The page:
When a Canadian couple entered their town's local Garden and Art Tour this year, they didn't expect that their participation in this community event would get them in trouble with local police.
Upon returning to their Revelstoke, B.C. home last week, Anna Minten and her husband Emmanuel Levesque Dupere were shocked to find that someone had busted into their house while they were away. The couple's home had been ransacked, but nothing was missing other than the three cannabis plants that they were growing in their backyard.
Near their front door, the couple found a search warrant from the Royal Canadian Mounted Police (RCMP) stating that their home had been raided because these pot plants were visible to the public. The warrant said that as of July 28th, cops had “reasonable grounds for believing that the following offenses have been committed: Grown non-medical cannabis that is visible from public place,” according to CBC News. How the Mounties determined the couple's plants weren't cultivated for medicinal purposes is unclear.
Dupere and Minten believed they were fully complying with B.C. law, which allows adults to grow up to four cannabis plants for personal use, as long as they are kept hidden from public view. These plants were separate from the rest of the garden, surrounded by high bushes, trees, and a fence. “It was three plants in my garden set back from the road,” Minten told CTV News Vancouver. “You wouldn’t be able to tell what they were from the street.”
But on July 28th — the date referenced by the warrant — the couple opened their garden to the public as part of Revelstoke's Garden and Art Tour. Around 70 to 80 people came to look at the collection of raspberries, flowers, and tomatoes growing in the garden, but one guest took a particular interest in the couple's pot plants. This visitor, off-duty RCMP Cst. Faron Ling, immediately reported the couple for “blatant violations” of the province's pot cultivation law.
“Unfortunately, the violations of [the Cannabis Control and Licensing Act] by some of our residents has brought some negative light to Revelstoke and the Garden and Art tour," Cpl. Mike Esson said in a statement reported by the CBC. "By not properly growing cannabis plants, the residents have opened themselves up to the possibility of theft of the cannabis and drugs falling into the hands of youth in our community."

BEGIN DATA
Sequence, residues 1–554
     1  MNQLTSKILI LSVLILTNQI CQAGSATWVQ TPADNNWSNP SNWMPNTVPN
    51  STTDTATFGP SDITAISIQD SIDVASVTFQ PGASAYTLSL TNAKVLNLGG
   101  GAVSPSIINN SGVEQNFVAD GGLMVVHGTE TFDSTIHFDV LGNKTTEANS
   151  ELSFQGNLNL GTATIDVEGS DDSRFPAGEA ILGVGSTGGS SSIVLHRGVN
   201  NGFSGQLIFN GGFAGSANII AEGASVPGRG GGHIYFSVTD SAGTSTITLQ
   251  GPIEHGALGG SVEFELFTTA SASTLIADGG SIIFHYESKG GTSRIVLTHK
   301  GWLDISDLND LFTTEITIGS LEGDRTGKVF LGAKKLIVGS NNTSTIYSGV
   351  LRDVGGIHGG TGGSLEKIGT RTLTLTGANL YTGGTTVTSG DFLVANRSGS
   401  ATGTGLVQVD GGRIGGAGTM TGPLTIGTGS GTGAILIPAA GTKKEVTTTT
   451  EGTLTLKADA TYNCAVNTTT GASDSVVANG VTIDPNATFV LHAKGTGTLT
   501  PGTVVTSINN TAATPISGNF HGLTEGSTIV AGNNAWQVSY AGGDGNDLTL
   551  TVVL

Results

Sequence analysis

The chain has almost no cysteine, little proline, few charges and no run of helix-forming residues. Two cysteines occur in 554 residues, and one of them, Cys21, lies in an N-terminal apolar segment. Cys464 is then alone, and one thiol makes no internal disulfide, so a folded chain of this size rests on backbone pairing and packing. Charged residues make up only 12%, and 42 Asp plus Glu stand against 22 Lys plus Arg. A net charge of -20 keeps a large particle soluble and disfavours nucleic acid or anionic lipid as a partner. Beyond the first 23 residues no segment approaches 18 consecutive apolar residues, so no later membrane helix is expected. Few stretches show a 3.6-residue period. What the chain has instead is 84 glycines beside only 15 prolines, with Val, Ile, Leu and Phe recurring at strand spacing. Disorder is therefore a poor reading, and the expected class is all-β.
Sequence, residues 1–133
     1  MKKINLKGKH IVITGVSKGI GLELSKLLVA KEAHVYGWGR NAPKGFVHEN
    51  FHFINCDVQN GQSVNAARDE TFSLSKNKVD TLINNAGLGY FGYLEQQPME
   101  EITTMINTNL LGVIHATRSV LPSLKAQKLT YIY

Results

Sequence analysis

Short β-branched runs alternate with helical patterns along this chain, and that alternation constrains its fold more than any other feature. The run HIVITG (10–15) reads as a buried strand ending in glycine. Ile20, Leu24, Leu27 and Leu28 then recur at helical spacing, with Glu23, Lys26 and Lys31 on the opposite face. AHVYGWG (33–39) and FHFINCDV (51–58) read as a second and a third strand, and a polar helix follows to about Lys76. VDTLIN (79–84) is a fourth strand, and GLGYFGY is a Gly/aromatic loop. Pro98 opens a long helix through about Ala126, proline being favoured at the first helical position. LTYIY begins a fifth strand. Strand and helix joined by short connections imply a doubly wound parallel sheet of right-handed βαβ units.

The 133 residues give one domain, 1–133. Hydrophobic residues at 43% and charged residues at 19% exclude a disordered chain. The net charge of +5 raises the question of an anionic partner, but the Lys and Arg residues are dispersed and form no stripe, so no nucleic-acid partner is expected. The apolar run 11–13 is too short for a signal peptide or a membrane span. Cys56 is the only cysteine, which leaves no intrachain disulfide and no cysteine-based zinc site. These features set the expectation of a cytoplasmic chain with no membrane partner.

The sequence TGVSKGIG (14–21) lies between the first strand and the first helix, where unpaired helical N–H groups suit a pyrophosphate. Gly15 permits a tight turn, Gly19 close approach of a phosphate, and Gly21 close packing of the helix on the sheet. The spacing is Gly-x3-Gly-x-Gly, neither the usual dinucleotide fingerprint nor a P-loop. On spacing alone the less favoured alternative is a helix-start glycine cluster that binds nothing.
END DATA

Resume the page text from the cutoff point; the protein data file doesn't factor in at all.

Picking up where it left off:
Gallery — Weed That No One Is Smoking Except for Cops:
After the raid, Minten said she “was incredibly heartbroken,” CBC News reports. “I felt invaded. I felt betrayed by my local RCMP.” The homeowner added that she thought the cops' “actions were unjust, and they could have very easily just come and communicated with me to let me know that I had drawn the line... I'm very disappointed with the waste of resources."
Five days after the raid, Cpl. Esson spoke to Minten in person to let her know that the RCMP would not be pursuing charges against her. "It was a really good conversation — it was honest, it was full-hearted, it was meant to right this wrong," Minten said to CTV. “This is a new law, there's going to be growing pains and I've learned [the laws] are not as pretty as they look and people should be more aware than I was and to be less naive about the exciting news pot is legal — and it wasn't as exciting as it seemed.”
Now that the police have explained their side of things, "the olive branch has come out,” Minten said. “I think we can deal with things without anger... I'm sorry so many people got worked up over this. That was not my intention."